Blowhard, Esq. writes:
I’ve been a fan of Alex Garland since I read his novel The Beach years ago. The Danny Boyle adaptation was lame, but I did enjoy the Boyle-Garland collaborations 28 DAYS LATER and SUNSHINE. Oh yeah, the Garland-written-and-partially-directed DREDD reboot was pretty boss, too. So I was primed to enjoy EX MACHINA and did for the most part. The movie plays like HER meets FRANKENSTEIN but written as a European chamber play/sex thriller. But the movie could’ve lost 20 minutes and I thought the ending was predictable. The actors are all interesting. The growing sexual tension and manipulation between Domhnall Gleeson and Alicia Vikander is fun to watch, and I particularly liked Oscar Isaac, here playing a cross between Sergey Brin, Mark Zuckerberg, and Steve Jobs. This is the third movie I’ve seen with him (the other two being INSIDE LLEWYN DAVIS and THE TWO FACES OF JANUARY) and I’ve come to like him quite a bit. He has those sad, angry, contemptuous eyes that make me wonder what he’s going to say and do next.
Eddie Pensier writes:
EX MACHINA surprised me on several levels. First of all, the pace is fairly meditative: not a lot strictly “happens” in the first hour, and it’s definitely more talk than action. (It could, without a lot of trouble, be converted into a stage play with three speaking roles not unlike SPEED-THE-PLOW.) Secondly, it operates on an intellectual level higher than most sci-fi movies. There are some pretty deep meditations on the nature of consciousness and humanity, and the film doesn’t pretend to have the answers to every question–the ending leaves a lot of ambiguity in the viewer’s mind. Garland and his cinematographer Rob Hardy produce some stunning visuals, my favorite being the (mild spoiler) Bluebeard-like scene where Caleb discovers closetsful of Nathan’s previous, discarded AI experiments (end mild spoiler).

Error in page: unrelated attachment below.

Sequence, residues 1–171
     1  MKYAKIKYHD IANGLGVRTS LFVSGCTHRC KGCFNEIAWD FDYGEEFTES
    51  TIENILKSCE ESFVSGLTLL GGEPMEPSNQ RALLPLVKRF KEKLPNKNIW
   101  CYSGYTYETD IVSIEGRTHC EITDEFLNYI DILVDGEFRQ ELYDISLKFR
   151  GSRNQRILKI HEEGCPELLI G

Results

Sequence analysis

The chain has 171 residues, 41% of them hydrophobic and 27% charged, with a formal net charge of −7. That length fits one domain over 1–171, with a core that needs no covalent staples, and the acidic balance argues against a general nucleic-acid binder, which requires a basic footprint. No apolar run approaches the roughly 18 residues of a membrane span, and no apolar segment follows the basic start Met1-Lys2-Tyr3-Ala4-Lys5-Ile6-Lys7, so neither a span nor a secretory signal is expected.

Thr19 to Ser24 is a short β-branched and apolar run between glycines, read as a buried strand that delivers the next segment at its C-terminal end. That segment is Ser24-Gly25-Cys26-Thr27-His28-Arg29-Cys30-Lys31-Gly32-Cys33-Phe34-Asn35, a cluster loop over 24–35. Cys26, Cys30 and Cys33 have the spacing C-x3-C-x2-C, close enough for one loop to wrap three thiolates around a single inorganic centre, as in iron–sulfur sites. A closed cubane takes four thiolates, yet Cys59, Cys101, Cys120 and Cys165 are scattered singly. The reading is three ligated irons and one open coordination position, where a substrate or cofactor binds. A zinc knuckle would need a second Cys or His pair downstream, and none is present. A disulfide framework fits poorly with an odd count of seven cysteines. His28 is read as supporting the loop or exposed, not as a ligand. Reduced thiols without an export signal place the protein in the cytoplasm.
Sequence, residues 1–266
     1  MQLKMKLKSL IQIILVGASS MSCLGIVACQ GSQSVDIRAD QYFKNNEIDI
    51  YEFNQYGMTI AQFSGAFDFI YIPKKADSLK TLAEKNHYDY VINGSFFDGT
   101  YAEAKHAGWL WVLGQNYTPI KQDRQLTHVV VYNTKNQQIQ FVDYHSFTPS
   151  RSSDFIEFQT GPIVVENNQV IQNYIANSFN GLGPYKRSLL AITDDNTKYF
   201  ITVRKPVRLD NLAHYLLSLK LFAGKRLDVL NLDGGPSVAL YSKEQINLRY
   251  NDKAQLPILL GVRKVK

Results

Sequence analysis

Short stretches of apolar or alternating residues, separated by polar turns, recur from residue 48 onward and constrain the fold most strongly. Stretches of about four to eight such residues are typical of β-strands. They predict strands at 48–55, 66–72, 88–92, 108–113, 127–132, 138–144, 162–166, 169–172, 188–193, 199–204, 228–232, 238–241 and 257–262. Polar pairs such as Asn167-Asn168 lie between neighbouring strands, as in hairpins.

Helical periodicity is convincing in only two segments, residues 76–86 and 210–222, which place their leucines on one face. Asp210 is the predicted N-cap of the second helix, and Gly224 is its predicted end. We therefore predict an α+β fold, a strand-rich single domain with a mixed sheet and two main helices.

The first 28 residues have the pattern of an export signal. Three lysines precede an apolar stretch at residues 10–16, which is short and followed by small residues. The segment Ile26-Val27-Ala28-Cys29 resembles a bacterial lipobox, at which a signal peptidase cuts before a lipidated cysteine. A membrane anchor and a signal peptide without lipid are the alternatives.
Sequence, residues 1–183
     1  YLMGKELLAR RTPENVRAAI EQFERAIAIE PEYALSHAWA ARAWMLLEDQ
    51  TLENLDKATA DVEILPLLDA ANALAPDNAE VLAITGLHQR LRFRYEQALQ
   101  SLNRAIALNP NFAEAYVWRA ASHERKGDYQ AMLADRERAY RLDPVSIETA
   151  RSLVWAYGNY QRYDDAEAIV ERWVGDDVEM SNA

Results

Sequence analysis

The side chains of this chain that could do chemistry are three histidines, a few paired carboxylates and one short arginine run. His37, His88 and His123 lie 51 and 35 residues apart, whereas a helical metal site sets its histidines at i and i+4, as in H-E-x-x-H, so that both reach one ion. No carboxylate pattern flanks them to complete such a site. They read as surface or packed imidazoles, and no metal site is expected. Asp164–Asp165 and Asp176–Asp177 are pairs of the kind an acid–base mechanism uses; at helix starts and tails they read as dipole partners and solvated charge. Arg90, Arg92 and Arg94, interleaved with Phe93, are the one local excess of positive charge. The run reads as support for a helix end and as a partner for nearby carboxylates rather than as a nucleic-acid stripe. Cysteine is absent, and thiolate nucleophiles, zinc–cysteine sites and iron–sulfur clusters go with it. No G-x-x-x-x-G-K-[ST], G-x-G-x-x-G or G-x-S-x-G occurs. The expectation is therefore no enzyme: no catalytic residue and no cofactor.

Of the three excellent main actors, I was most impressed by Alicia Vikander’s Ava, who pitches her performance at just the right level of is-she-or-isn’t-she to intrigue us (and Gleeson’s appealingly schlubby Caleb). However, her bird-like head movements, each accompanied by tiny electronic sounds, along with the glowing plasticky sheen of her artificial skin, never lets us forget what (who?) she really is. Oscar Isaac too manages to keep the smarmy technobro trappings to a minimum while bristling with obvious intelligence.
Sax von Stroheim writes:
Based on his previous works, my take on Alex Garland was that he was trying to smuggle in ideas, themes, and characters from J.G. Ballard’s science fiction novels into more standard genre movies. This was clearest with his screenplay for SUNSHINE, partly because the turn from Ballardian sci-fi to a last act that devolved into standard scary movie shtick was so pronounced. So, I thought that on his own movie, working on a smaller scale, without the need for the conventional tactics that marred the end of SUNSHINE, he’d give us something that hewed closer to the Ballard novels that seem to be his major inspiration. And that’s kind of what we get in EX MACHINA: an Everyman engaging in a battle of wills with a Man Who Would Be God, with the evolution of humanity (or post-humanity) at stake. But it’s only “kind of” what we get, because, as it turns out, even on his own, working on a smaller scale, Garland goes for a turn towards more conventional genre fare by the end, which doesn’t quite mar the movie, but makes it more familiar, and more comfortable, than the sci-fi novels (by Ballard and others) that inspired it. While I can’t say I didn’t like it — it’s smart, the acting is terrific, there’s a low-rent Edgar Ulmer vibe to the production that I really dig — I also wasn’t terribly moved by it — it engaged my intellect more than my imagination (it doesn’t help that it looks pretty cruddy). It’s one of those movies that I didn’t mind sitting through, but where, on the way home, I couldn’t help think of other, similar movies that I had liked better (Ulmer’s own, for example, or, thinking of other recent small scale indie sci-fi, Brandon Cronenberg’s ANTIVIRAL). And, although it’s completely unfair and unreasonable of me, I guess I’m a little disappointed that Garland’s own ambitions aren’t quite as grand (or at least as refined) as I had imagined them to be.